HomeUS News updateNigeria to choose president amid national bank note crisis

Nigeria to choose president amid national bank note crisis

Voters in Nigeria go to the polls on Saturday to elect a new president as Africa’s largest population grapples with a national banknote shortage as some observers fear a lower turnout than expected.

Presidential and parliamentary elections are being held amid fears of violence from Islamist militants in the north to separatists in the south, although officials insisted this year’s vote would not be postponed like the last two presidential elections.

Out of a field of 18 presidential candidates, three main candidates have emerged in recent weeks: the candidate of the ruling party, the candidate of the main opposition party and a third-party candidate who has drawn strong support from young voters. But whether those supporters will show up in force at polling stations is unclear as Nigerians have waited hours in queues at banks across the country this week in search of money.

The vote is being watched closely because Nigeria is Africa’s largest economy and one of the continent’s top oil producers. By 2050, the United Nations projects that Nigeria will tie with the United States as the third most populous country in the world, behind India and China.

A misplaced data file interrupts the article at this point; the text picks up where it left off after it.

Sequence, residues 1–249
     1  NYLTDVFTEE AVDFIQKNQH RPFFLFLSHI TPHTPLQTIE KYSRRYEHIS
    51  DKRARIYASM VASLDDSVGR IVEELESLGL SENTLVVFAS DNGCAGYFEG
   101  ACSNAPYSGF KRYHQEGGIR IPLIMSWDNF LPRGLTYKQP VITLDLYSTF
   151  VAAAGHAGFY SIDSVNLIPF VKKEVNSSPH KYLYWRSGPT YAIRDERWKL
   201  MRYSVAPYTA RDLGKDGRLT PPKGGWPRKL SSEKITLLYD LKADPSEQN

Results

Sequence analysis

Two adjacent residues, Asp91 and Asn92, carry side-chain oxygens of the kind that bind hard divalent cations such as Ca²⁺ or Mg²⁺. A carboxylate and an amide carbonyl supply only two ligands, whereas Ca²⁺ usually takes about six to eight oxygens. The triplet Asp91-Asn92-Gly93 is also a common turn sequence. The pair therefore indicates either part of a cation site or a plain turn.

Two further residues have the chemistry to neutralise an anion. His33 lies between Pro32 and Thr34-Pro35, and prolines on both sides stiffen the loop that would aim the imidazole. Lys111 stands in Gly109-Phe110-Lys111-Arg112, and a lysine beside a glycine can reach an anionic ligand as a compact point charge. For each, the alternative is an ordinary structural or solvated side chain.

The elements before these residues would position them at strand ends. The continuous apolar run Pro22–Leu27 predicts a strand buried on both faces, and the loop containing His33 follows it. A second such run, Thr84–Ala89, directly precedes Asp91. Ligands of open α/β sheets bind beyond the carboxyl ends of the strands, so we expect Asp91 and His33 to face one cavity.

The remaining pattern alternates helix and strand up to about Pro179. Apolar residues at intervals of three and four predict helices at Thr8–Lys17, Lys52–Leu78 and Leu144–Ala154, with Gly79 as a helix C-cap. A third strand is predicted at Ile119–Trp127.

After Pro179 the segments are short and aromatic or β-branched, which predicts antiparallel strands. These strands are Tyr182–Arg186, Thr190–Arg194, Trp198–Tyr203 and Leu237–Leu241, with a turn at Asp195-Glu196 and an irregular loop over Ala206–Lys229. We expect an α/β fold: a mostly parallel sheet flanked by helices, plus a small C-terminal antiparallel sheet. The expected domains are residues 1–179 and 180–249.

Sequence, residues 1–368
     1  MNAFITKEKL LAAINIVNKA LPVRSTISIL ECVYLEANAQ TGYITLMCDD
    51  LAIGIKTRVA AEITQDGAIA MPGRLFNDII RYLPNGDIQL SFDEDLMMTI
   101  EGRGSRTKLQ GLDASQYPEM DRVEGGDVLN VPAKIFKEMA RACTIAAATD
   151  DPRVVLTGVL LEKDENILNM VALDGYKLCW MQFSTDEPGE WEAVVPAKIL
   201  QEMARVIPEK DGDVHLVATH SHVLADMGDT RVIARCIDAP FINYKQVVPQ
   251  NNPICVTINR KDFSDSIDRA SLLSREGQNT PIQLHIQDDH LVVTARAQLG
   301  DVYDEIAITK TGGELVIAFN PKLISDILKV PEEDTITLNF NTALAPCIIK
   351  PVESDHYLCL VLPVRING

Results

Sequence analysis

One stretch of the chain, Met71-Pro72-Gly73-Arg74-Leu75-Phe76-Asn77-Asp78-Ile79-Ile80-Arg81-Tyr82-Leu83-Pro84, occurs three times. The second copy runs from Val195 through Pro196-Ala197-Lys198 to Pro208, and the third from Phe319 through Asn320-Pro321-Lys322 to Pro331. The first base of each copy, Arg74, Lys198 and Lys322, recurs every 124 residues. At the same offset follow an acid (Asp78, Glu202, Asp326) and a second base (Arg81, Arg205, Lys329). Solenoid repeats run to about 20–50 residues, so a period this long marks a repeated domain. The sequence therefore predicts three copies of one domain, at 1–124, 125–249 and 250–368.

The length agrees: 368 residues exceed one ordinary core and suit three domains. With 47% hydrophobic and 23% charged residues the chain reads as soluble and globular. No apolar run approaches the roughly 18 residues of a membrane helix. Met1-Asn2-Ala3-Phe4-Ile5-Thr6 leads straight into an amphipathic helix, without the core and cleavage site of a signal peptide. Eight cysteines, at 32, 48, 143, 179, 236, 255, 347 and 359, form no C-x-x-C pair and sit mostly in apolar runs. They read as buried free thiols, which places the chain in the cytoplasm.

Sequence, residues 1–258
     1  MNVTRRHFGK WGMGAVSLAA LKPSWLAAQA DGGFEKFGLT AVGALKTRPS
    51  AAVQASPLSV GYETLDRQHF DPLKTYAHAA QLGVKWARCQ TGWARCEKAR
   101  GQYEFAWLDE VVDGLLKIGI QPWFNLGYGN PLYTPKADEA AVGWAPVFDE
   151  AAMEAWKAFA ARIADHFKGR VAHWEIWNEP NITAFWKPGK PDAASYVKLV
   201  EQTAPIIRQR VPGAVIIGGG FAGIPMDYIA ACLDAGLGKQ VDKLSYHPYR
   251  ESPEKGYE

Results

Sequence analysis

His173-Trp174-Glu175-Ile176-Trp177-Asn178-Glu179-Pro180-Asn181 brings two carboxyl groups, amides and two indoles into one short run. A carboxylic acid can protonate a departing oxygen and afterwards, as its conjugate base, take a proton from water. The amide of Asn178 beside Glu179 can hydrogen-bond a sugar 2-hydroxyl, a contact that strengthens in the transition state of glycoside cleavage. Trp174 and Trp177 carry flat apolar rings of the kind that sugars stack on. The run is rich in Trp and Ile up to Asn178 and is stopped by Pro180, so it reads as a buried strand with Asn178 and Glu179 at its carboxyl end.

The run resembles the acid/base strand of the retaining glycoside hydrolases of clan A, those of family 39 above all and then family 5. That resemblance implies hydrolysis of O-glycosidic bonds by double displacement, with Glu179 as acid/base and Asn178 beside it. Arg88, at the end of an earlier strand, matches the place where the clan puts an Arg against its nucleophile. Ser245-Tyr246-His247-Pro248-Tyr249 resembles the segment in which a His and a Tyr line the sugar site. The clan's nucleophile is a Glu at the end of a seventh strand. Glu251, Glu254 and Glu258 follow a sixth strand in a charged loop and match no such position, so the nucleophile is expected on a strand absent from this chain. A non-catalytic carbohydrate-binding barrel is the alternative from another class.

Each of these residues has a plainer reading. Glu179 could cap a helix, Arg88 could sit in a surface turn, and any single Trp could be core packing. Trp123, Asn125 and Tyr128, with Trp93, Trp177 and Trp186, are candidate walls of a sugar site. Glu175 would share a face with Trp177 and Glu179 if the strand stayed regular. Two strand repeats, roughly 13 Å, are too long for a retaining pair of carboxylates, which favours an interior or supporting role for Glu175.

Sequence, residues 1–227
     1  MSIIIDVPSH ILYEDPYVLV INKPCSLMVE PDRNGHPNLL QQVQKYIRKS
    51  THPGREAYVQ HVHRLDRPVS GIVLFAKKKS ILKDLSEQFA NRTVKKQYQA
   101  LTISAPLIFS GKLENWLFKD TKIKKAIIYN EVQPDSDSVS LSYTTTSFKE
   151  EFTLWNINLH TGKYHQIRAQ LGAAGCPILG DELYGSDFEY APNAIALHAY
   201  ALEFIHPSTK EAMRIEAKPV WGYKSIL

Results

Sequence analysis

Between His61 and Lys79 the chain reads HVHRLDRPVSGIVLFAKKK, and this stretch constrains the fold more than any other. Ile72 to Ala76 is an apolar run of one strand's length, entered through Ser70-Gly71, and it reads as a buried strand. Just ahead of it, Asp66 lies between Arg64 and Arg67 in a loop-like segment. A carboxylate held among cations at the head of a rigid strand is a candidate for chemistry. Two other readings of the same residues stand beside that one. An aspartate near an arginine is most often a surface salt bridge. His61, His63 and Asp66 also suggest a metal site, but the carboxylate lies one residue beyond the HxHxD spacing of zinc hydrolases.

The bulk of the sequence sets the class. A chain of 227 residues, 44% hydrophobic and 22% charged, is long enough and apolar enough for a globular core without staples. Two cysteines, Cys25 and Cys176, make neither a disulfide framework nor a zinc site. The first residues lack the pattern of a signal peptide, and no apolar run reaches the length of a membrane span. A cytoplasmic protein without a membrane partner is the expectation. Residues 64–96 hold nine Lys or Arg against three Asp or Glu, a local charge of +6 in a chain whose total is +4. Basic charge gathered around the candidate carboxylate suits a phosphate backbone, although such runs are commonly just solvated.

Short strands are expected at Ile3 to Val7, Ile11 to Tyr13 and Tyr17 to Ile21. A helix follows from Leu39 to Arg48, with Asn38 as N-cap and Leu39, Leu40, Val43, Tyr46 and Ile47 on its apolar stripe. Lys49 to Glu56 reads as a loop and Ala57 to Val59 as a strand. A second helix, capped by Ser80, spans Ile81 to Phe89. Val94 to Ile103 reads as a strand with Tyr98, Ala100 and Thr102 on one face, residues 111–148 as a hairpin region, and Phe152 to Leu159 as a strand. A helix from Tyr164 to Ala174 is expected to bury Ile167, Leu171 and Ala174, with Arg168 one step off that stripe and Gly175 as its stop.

It is also home to one of the world’s largest youth populations: about 64 million of its 210 million people are between the ages of 18 and 35, with an average age of just 18.

The tenure of incumbent President Muhammadu Buhari was marked by concerns about his ill health and frequent trips abroad for medical treatment. Two of the top candidates are in their 70s and both have been in Nigerian politics since 1999.

In contrast, at 61, Peter Obi, the Labor party’s third-party candidate, is the youngest of the front-runners and polls surged in the weeks leading up to Saturday’s vote.

Nevertheless, Bola Tinubu has strong support from the ruling All Progressives Congress party, which is an important supporter of the president. And Atiku Abubakar has been named to be one of the richest businessmen in Nigeria, who has also served as the vice-president and presidential hopeful in 2019 for his People’s Democratic Party.

This presidential election also includes many first-time voters, such as 30-year-old Wuraola Abulatan in Lagos, who accused the ruling party of failing to deliver on promises it made when it first came to power in 2015.

“I had lost hope for Nigeria but when Peter Obi started campaigning, that hope came back,” she said. “I want to see Nigeria get better.”

The full impact of Nigeria’s currency crisis on Saturday’s election was not immediately clear, although officials said they were able to get the government the money needed to conduct the vote.

In Lagos, a female policewoman who was in line at a bank to withdraw cash told The Associated Press on Thursday that she could not go where she was deployed for election duty because she had not received the cash.

After authorities in November announced a decision to redesign Nigeria’s currency, the naira, new bills have been slow to circulate. At the same time, the old banknotes were stopped being accepted, creating a shortage in a country where many people use cash for daily transactions.



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